Depending on whom you ask, fidgeting is an unsightly habit or a necessity for free-form ideation. Fan of the latter hypothesis? Well, why aren’t you making yourself a fidget pyramid?
[lignum] sculpted his fidget toy out of a chunk of 2000 year old bog-oak using hand tools and a little precision help from a Kuka KR 150 industrial robot arm. A push button, a toggle switch, a ball-bearing, and a smooth side provide mindless distraction on this piece.
Two plates of 1.5mm aluminium — also cut using the robot arm — are used to attach the button and toggle to the tetrahedron, while the ball bearing is pushed onto a cylindrical protrusion left during the cutting process for the purpose. The build video makes it look easy.
[Marcelo Maximiano’s] son had a school project. He and a team of students built “The Pyramid’s Secret“–an electronic board game using the Arduino Nano. [Marcelo] helped with the electronics, but the result is impressive and a great example of packaging an Arduino project. You can see a video of the game, below.
In addition to the processor, the game uses a WT5001M02 MP3 player (along with an audio amplifier) to produce music and voices. There’s also a rotary encoder, an LCD, a EEPROM (to hold the quiz questions and answers), and an LED driver. There’s also a bunch of LEDs, switches, and a wire maze that requires the player to navigate without bumping into the wire (think 2D Operation).
A class in Brazil was given the assignment to make a board game. [Marcelo], presumably, heard his son lamenting how lame it was going to be if the board was just cardboard with some drawings on, and came to the rescue.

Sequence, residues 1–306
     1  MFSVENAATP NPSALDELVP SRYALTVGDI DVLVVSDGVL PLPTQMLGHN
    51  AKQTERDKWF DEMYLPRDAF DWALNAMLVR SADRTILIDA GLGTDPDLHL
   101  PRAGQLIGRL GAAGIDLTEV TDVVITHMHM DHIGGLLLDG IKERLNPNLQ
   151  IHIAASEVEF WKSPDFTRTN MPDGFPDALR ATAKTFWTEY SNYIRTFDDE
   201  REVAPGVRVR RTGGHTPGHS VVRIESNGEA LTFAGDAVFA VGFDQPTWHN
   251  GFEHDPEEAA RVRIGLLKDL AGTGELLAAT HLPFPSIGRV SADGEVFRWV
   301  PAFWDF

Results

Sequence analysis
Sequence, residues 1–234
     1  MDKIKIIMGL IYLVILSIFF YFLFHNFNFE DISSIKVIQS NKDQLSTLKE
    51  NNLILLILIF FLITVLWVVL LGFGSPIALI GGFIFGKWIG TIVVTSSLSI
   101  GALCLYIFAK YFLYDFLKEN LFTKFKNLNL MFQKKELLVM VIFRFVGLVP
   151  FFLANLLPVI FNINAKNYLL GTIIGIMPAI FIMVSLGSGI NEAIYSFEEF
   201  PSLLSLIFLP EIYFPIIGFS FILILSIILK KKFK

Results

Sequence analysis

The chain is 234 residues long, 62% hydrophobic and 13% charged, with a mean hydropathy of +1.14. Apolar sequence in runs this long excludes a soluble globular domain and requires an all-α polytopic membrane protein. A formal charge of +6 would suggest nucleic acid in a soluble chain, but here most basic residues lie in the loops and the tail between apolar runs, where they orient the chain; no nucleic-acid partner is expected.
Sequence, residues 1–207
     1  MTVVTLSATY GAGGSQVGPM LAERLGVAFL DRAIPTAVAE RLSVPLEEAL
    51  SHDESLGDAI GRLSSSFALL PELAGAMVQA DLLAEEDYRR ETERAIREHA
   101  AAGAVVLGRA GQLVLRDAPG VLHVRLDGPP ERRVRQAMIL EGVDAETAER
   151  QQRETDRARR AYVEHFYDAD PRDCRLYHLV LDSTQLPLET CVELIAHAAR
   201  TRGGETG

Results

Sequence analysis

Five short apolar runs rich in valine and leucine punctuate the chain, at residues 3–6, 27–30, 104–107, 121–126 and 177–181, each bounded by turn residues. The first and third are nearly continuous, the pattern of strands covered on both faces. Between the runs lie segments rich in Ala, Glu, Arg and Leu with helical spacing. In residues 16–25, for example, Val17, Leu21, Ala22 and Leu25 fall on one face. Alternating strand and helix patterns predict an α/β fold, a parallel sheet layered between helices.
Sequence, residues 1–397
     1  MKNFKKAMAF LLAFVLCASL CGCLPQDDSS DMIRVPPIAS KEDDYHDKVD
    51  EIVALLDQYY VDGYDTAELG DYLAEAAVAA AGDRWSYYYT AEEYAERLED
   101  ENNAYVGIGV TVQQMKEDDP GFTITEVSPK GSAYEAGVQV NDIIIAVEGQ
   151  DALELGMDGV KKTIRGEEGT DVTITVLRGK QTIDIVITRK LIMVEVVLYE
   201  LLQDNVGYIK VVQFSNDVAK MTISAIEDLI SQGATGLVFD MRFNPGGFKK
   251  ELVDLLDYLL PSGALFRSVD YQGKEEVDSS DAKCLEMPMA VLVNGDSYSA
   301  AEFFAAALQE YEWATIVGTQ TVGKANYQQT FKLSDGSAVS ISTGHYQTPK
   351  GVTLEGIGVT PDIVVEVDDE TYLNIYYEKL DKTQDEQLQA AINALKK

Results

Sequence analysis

Working with the class, they came up with the rules of the game. We’re not certain what those are, but it involves a regular game board, a flashing light circle with numbers, and a fusion between Operation and one of those disease transmitters commonly found at the doctor’s office. You can try to puzzle them out from the video after the break.
The brains of the board is an Arduino with an external EEPROM for all the sound effects and other data needed for this construction. Everything is laid out on a beautifully done home etched PCB. It’s too bad the other side of the board isn’t visible.
We’re sure the kids learned a lot working with [Marcelo]. It would have been nice if a traveling wizard came to some of our earlier classes in school and showed us just how much cool stuff you can do if you know electronics.
Custom displays are a lot of fun to look at, but this one is something we’d expect to see at a trade show and not on someone’s kitchen table. [Taha Bintahir] built a 3D volumetric display and is showing it off in the image above using a 3DS file of the Superman logo exported from Autodesk. In the video after the break you can see that the display is a transparent pyramid which allows a viewer to see the 3D object inside from any viewpoint around the display. Since first posting about it he has also added a Kinect to the mix, allowing a user to control the 3D object with body movements.
There’s basically no information about the display hardware on [Taha’s] post so we asked him about it. It works by first taking a 3D model and rendering it from four different camera angles. He’s using a custom designed prism for he display and the initial renderings are distorted to match that prism’s dimension. Those renderings are projected on the prism to give the illusion of a 3D object floating at its center.
We’re hoping to hear more details about how this was designed and what hardware is being used. We’ll post a follow-up if [Taha] shares more information.